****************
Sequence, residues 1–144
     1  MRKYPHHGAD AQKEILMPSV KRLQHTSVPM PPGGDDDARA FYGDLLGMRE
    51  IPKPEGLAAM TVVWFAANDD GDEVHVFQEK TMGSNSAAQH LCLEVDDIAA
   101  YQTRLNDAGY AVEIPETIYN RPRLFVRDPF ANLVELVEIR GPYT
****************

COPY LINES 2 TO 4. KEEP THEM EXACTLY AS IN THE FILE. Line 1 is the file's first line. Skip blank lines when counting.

     1  MRKYPHHGAD AQKEILMPSV KRLQHTSVPM PPGGDDDARA FYGDLLGMRE
    51  IPKPEGLAAM TVVWFAANDD GDEVHVFQEK TMGSNSAAQH LCLEVDDIAA
   101  YQTRLNDAGY AVEIPETIYN RPRLFVRDPF ANLVELVEIR GPYT